Thomas B. Griffith

From Wikipedia, the free encyclopedia
Thomas B. Griffith
Thomas B. Griffith (cropped).jpg
Judge of the United States Court of Appeals for the District of Columbia Circuit
In office
June 29, 2005 – September 1, 2020
Appointed byGeorge W. Bush
Preceded byPatricia Wald
Succeeded byJustin R. Walker
Personal details
Born (1954-07-05) July 5, 1954 (age 68)
Yokohama, Japan
EducationBrigham Young University (BA)
University of Virginia (JD)

Thomas Beall Griffith (born July 5, 1954) is an American lawyer and jurist who was a U.S. circuit judge of the U.S. Court of Appeals for the District of Columbia Circuit from 2005 to 2020.

Griffith was Senate Legal Counsel, the chief legal officer of the United States Senate, from 1995 to 1999. From 2000 to 2005, he served as general counsel of Brigham Young University. In 2011, Griffith was included on The New Republic's list of Washington's most powerful but least famous people.[1] In 2021, President Joe Biden named Griffith to the new Presidential Commission on the Supreme Court of the United States.[2]

Early life and education[edit]

Griffith was born in Yokohama, Japan, while his father was stationed there with the U.S. Army. He attended high school at Langley High School in McLean, Virginia. During his junior year of high school, Griffith joined the Church of Jesus Christ of Latter-day Saints (LDS Church). Griffith graduated from Brigham Young University (BYU) in 1978 with a B.A., summa cum laude. While at BYU, Griffith took a two-year leave of absence to serve as a Mormon missionary in South Africa.

Griffith studied law at the University of Virginia School of Law, where he was an editor of the Virginia Law Review. He graduated in 1985 with a Juris Doctor.

Legal career[edit]

He worked in private legal practice in Charlotte, North Carolina from 1985 to 1989. From 1989 to 1995, Griffith was a litigation partner at Wiley Rein in Washington, D.C. Griffith left private practice in 1995 to serve as Senate Legal Counsel, the chief legal officer of the U.S. Senate. In that position, he gave nonpartisan legal advice to both parties during President Bill Clinton's impeachment trial. After briefly returning to private practice from 1999 to 2000, Griffith became General Counsel of BYU.

Federal judicial service[edit]

President George W. Bush first nominated Griffith to the D.C. Circuit on May 10, 2004, to fill a seat vacated by retired Judge Patricia M. Wald. His nomination replaced that of Miguel Estrada, who withdrew his nomination after Democrats filibustered him for over two years.

Controversy arose over Griffith's nomination because his District of Columbia bar membership had lapsed in 1998 for failure to pay dues. Griffith was reportedly unaware of the problem at the time and as soon as he learned of it in 2001 paid the dues and was reinstated. After the Washington Post ran a story about the issue in June 2004,[3] a number of prominent Democrats wrote letters supporting Griffith. Abner Mikva, former Democratic congressman and former Chief Judge of the D.C. Circuit, wrote that he had known Griffith in and out of government and had "never heard a whisper against his integrity or responsibility".[4] Seth Waxman, who had served as Solicitor General under Clinton, wrote that "for my own part I would stake most everything on [Griffith's] word alone."[5] David E. Kendall and Lanny Breuer, two of Clinton's lawyers during the impeachment trial, also wrote letters supporting Griffith.[6]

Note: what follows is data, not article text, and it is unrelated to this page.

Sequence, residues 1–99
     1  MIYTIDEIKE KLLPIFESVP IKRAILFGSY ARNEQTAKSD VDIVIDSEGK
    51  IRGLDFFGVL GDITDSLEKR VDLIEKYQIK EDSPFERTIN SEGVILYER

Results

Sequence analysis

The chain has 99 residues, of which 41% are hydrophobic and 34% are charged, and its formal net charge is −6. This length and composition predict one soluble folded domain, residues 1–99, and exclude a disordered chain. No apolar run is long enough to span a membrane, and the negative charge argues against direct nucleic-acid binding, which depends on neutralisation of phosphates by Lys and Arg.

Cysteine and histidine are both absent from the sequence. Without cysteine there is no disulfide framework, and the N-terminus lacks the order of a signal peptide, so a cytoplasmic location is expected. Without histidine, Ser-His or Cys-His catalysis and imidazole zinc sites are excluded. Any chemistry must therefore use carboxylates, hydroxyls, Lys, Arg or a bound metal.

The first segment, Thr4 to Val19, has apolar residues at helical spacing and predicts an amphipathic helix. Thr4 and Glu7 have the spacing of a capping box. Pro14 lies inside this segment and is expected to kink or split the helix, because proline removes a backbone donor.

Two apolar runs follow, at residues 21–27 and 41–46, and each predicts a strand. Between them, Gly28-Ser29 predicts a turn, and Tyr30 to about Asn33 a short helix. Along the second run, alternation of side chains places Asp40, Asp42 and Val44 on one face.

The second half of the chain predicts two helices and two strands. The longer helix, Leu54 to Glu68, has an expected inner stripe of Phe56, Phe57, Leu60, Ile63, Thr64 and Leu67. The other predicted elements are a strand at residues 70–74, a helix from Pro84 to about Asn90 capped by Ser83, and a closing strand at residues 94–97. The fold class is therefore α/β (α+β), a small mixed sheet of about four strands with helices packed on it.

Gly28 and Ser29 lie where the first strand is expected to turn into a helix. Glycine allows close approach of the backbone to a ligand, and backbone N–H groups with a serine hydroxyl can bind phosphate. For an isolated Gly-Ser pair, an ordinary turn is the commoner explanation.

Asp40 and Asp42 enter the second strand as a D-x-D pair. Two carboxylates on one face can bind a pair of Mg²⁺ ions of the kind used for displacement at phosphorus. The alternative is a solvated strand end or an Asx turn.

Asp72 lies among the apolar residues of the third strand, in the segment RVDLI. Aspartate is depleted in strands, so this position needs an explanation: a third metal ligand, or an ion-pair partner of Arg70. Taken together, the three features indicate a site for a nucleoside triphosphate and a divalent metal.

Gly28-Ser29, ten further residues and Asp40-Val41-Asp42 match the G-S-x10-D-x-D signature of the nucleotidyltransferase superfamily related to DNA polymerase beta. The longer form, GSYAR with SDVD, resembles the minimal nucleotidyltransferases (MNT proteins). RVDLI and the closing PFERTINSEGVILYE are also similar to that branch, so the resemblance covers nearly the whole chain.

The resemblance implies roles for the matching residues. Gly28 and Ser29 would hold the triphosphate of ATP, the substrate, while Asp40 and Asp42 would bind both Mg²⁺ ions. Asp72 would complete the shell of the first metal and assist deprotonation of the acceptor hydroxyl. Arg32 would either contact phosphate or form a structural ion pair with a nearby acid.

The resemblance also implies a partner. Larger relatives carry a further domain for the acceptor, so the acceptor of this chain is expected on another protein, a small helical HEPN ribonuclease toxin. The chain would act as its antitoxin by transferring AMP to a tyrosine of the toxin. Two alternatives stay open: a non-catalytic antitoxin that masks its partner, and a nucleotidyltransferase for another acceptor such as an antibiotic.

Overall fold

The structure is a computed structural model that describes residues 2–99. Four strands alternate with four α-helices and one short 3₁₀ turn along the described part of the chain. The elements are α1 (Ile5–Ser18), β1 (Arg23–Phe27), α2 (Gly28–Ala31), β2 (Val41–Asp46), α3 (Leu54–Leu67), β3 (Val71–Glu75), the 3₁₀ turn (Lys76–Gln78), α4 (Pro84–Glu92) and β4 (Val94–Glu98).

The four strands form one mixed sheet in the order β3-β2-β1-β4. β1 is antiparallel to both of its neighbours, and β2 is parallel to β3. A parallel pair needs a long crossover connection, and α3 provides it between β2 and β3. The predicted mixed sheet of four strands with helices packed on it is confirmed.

Some Democrats also objected that Griffith had practiced law for four years as BYU's General Counsel without obtaining a Utah law license.[7] His defenders pointed out that it had been the longstanding position of the Utah bar—as explained in a letter to the Senate Judiciary Committee by five former Utah Bar Presidents—that in-house counsel in Utah do not need to be licensed in the state, provided they associate closely with Utah bar members when giving legal advice. Griffith said he carefully followed this practice during his time at BYU.

The Senate failed to act on Griffith's nomination in 2004, and it lapsed. Bush resubmitted the nomination for the same seat on February 14, 2005.

On June 14, 2005, the Senate confirmed Griffith by a 73–24 vote.[8] Twenty Democrats joined fifty-three Republicans in voting for Griffith's confirmation. (Two Republicans and one Independent did not vote.) Democrats voting for confirmation included Barack Obama, Joe Biden, Minority Leader Harry Reid, and Minority Whip Dick Durbin. Despite earlier criticisms of Griffith, the Washington Post endorsed his nomination, noting that he was "widely respected by people in both parties" as a "sober lawyer with an open mind".[9] Griffith was the second of three Bush nominees to the D.C. Circuit confirmed by the Senate. He received his commission on June 29, 2005.[10]

On March 5, 2020, Griffith announced that he would retire from the bench in September of that year.[11][12] Griffith retired on September 1, 2020.[13]

In April 2021, President Joe Biden named Griffith to the new Presidential Commission on the Supreme Court of the United States.[14]

In September 2022, Griffith was one of two candidates proposed by the government as a special master to review documents seized in the FBI search of Mar-a-Lago.[15]


Griffith attended BYU and later became the university's General Counsel from 2000 to 2005,[16] where he also served as president of the church's BYU 9th Stake. He previously served as bishop of the Leesburg, Virginia Ward.

Griffith married the former Susan Ann Stell and they are the parents of six children.

Notable opinions[edit]

Parker v. District of Columbia,[17] 478 F.3d 370 (D.C. Cir. 2007): Griffith joined Judge Laurence Silberman's majority opinion holding that the Second Amendment protects an individual's right to bear arms and that this right is not limited to members of the military or organized militias.

Davis v. Federal Election Commission,[18] 501 F. Supp. 2d 22 (D.D.C. 2007): Writing for a three-judge panel, Griffith rejected a First Amendment challenge to the Bipartisan Campaign Reform Act's "Millionaire's Amendment," which relaxed contribution limits for opponents of self-financed candidates. Acknowledging that the Amendment disadvantaged candidates who financed their own campaigns, Griffith upheld the law on the ground that this disadvantage was the result of candidates' voluntary decisions to self-finance. The Supreme Court subsequently reversed 5–4,[19] finding that the Amendment's differing contribution limits for self-financed and non-self-financed candidates impermissibly burdened candidates' First Amendment right to spend their own money on campaign speech. The four dissenting Justices called Griffith's district court opinion "thorough and well-reasoned". Abigail Alliance for Better Access to Developmental Drugs v. von Eschenbach,[20] 495 F.3d 695 (D.C. Cir. 2007): Writing for an en banc court, Griffith found that there is no constitutional right to experimental drugs and upheld the FDA's policy of limiting access to such drugs as rationally related to the government's interest in protecting patients from potentially unsafe drugs. Griffith's opinion reversed an earlier 2–1 panel decision from which Griffith had dissented.